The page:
Thursday, October 16, 2008
There are two streams both flowing the same way. There are two boys, one on each stream, each with a toy boat. One boy (boy A) grabs his boat and forces it upstream keeping his hand on it the entire way while the other (boy B) simply releases his boat and allows for the stream to take it to its final destination. Did both boys predetermine what they wanted the boat to do and where they wanted it to end up? Yes. Did the boy who let the boat go need to add anything of his effort to the boat to ensure that it went where it was already heading? No. He simply took his hand off and allowed for nature to take its course. This latter boy is an example of what is known as reprobation in double predestination. Both boats are going to a destination, but the boy who kept his hand on the boat and pushed it up the river was actively involved in the task against the natural course of things while the boy who simply let it go was passively allowing for what he predestined to come to pass (the natural course of things). Many people argue against double predestination while using boy A as the metaphor for what God does. (Boy A [God] pushing the boat [man] up river [toward sin] while the river in Boy A's situation [man's inclination to being born good and doing good, wanting to be saved] is trying to get the boy to do what's right while the boy A [God] is not letting that happen.) This, in logic, is called a straw man fallacy. That means that they're arguing a position that isn't advocated by the person they're arguing against, destroying that argument, then going off to claim victory for themselves. The correct position is that boy B [God] is restraining the boat [man] from going downstream to its fatal end off a cliff [reprobation]. Boy B then lets his hand off the boat and allows it to go get what will naturally happen. Note that in the first example man's condition is seen as pretty much good while in the latter, man's condition is seen as sinful and "condemned already for not believing on the only begotten son of God. (John 3:18).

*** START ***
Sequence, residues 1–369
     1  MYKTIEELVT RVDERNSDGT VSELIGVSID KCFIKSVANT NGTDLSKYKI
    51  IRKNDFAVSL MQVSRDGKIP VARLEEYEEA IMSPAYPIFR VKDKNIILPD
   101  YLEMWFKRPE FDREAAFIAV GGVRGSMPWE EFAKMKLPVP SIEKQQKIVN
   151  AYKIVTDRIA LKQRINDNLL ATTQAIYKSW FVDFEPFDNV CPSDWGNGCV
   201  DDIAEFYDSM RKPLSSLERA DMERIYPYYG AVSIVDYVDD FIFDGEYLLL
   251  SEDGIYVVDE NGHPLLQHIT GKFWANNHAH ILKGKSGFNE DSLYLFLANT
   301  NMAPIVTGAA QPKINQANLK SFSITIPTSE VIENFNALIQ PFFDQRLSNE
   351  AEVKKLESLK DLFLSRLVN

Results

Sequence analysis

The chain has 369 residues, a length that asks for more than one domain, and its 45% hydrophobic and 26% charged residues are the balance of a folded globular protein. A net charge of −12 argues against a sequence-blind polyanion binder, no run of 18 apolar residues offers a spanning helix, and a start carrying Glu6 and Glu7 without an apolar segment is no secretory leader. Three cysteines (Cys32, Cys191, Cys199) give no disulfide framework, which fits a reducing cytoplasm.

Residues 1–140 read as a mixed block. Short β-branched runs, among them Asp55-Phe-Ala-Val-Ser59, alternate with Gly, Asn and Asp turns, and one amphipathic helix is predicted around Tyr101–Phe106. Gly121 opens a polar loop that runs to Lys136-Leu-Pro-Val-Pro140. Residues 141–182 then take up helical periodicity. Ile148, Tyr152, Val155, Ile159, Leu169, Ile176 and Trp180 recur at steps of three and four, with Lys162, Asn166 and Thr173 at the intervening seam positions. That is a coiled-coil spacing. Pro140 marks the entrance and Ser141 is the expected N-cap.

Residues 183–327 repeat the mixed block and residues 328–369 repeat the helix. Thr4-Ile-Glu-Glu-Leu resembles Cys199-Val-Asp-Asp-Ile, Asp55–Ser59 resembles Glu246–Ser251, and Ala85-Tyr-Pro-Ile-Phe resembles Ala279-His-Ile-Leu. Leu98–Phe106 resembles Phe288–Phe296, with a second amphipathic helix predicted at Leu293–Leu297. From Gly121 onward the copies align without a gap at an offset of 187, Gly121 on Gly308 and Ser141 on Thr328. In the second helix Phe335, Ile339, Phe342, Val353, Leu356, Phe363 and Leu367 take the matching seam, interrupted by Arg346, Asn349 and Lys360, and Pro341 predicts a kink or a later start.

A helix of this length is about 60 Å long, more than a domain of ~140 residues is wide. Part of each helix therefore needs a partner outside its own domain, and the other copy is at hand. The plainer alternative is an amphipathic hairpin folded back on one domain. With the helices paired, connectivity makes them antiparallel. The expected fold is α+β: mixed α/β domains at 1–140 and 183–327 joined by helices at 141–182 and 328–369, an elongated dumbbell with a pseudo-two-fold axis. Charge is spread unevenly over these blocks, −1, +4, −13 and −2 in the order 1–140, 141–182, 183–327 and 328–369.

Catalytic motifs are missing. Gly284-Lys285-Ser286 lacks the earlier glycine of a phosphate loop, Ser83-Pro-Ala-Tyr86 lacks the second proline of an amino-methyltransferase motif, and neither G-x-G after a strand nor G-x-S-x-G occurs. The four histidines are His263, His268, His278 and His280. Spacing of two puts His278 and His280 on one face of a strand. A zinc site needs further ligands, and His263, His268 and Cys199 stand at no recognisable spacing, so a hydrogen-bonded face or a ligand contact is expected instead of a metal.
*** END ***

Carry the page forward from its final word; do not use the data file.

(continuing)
This is one of the most complete answers to what exactly the doctrine of double predestination is. Mark Kielar was gracious enough to allow me to post the entire clip from this Word Picture series because, as his email said, "Dear Lane; You are welcome to use the clips in any way that can advance the Kingdom. May our Lord richly bless your efforts." Kielar is a man who's priority is to get the message of the Gospel out to as many people as possible. I can honestly say that of all the preachers I know of, he is one of the most biblically sound pastors that is alive today. The wisdom that I've learned from this man cannot be measured in my opinion. If you enjoyed this clip, you can buy the next 16-16 1/2 hours of this dvd series by going to their website http://www.crosstv.com and purchase it there. It's 16 DVDs long and is called "The Sovereignty of God". In it, he tackles many of the hard questions like this that Calvinists receive from those who are curious about the faith. I highly recommend the series. A huge thanks goes to Pastor Mark for allowing me to post this.